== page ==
Swiss broadcaster SRF has released details of the national selection process for Eurovision 2017, and with it comes some big changes that the broadcaster is no doubt hoping will see Switzerland end its disappointing results of recent years. The regional quotas are gone, a Swiss connection is required for entry, and the winner will be decided by televote alone.
Gone are the three separate submission processes managed by the regional broadcasters SRF, RTS, RSI and RTR. Instead the broadcasters will join forces and run the submission process together.
The entries will be rated by a panel of experts from across Switzerland, with the top 20 rated entries progressing to the next stage. This also means that regional quotas are gone – it will just be the top 20 songs, regardless of which part of Switzerland the artist comes from.
This will be the end of SRF’s highly entertaining online open submission process, where artists from around the world entered songs of wildly varying quality, hoping to make the shortlist.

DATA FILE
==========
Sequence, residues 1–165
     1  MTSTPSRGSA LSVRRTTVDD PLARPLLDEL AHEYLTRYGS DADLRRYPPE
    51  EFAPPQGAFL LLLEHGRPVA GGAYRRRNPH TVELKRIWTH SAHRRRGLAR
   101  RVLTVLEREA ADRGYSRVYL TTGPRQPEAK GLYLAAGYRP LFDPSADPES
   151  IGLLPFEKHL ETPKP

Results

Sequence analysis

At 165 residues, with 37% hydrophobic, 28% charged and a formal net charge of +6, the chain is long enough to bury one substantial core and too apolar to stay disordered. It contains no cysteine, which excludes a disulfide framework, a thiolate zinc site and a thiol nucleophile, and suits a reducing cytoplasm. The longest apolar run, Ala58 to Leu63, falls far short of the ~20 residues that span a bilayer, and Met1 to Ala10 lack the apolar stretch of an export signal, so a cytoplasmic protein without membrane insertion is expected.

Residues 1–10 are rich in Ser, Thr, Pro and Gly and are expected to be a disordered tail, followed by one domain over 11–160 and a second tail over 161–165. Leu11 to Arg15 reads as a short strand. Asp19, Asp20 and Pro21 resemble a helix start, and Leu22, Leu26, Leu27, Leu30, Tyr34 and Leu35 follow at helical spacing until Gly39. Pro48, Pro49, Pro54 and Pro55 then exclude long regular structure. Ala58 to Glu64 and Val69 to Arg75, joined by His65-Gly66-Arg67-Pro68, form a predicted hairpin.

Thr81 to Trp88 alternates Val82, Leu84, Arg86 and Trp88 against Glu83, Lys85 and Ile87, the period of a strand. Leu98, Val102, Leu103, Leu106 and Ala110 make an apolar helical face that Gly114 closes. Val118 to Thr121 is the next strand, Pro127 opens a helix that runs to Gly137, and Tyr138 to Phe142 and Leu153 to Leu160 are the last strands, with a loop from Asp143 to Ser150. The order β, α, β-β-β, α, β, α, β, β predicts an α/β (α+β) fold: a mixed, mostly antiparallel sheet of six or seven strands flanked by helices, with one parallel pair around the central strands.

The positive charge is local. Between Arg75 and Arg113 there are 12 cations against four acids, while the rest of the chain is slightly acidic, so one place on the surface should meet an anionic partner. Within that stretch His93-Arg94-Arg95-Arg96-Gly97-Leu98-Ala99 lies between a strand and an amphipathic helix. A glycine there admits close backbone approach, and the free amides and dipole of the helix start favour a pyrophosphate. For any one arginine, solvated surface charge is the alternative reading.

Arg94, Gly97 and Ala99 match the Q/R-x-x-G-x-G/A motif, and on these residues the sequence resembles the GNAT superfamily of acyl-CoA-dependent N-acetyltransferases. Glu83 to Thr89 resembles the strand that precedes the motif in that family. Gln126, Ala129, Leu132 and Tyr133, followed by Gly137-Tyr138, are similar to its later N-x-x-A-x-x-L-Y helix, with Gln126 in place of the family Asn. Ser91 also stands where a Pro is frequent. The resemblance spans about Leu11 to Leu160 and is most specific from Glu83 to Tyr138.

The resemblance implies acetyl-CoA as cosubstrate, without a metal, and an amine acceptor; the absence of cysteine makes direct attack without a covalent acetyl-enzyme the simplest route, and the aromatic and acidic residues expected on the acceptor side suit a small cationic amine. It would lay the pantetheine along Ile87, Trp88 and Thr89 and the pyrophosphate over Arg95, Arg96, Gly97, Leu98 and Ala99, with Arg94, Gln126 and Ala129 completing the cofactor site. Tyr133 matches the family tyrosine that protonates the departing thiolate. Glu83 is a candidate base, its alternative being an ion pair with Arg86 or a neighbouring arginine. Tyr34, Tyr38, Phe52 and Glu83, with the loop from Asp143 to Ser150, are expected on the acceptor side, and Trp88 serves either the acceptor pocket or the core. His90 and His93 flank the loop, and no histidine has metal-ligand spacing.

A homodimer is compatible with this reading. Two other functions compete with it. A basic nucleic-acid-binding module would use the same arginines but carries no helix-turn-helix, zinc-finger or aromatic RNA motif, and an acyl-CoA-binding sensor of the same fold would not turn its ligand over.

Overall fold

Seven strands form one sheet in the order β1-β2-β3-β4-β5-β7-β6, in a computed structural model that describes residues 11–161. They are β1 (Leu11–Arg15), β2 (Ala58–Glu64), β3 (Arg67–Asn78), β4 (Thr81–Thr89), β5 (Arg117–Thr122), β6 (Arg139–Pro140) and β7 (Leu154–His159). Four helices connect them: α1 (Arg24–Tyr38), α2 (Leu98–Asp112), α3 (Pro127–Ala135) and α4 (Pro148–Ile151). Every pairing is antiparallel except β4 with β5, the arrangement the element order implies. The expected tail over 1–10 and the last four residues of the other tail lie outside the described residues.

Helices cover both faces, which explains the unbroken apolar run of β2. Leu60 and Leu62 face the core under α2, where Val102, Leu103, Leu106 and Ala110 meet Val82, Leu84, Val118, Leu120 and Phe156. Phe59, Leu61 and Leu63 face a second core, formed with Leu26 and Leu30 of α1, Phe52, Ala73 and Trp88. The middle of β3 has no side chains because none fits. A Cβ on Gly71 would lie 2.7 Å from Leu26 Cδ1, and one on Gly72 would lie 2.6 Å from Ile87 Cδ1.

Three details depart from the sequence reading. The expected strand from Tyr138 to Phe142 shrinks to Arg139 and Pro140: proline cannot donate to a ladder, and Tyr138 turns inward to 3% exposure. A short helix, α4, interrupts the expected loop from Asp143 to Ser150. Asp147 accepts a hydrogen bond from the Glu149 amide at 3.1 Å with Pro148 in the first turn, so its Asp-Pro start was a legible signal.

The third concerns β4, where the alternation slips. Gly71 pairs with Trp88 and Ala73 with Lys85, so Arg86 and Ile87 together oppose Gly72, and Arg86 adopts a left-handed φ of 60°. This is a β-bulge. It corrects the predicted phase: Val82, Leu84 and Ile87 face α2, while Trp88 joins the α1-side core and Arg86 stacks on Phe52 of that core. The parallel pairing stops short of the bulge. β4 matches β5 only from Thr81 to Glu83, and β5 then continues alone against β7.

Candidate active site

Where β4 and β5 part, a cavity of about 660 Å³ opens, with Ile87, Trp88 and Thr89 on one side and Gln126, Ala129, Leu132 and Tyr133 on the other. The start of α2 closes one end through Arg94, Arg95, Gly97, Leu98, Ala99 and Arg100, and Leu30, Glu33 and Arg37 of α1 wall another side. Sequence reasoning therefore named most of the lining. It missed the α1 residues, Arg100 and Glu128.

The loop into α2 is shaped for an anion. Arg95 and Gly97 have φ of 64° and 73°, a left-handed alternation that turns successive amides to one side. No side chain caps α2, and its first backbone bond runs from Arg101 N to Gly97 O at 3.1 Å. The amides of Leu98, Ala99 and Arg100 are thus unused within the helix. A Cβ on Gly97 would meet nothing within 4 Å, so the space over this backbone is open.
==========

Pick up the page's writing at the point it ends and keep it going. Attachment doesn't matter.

The new rules now require that at least one person directly involved with the entry — the performer, composer or lyricist — must hold a Swiss passport or be resident in Switzerland. Swiss artists will still be able to team up with others from abroad, but it will stop random foreign artists sending in their amateur efforts.
The traditional live check stage remains the same, where the artists’ live performance skills are assessed. The jury will then select around eight acts which will progress to the live final, due to be held on 5 February 2017.
There’s no mention of the national final cover version component, which sometimes led acts to win based on a song they couldn’t perform at Eurovision. Switzerland is also ditching the jury vote for the national final. The ultimate winner will be decided solely by televote.
The rules suggest that Switzerland has a specific type of act in mind, saying that they are “looking for a strong song which meets international standards, performed with a powerful, note-perfect voice.” And as always, the broadcaster reserves the right to revamp the winning track, even after the national final.
Interested artists have over three months to perfect their song. The entry period opens on 26 September 2016 and closes on 24 October.
What do you think? Can Switzerland reverse its run of bad fortune at Eurovision? Are the changes an improvement? Share your thoughts below.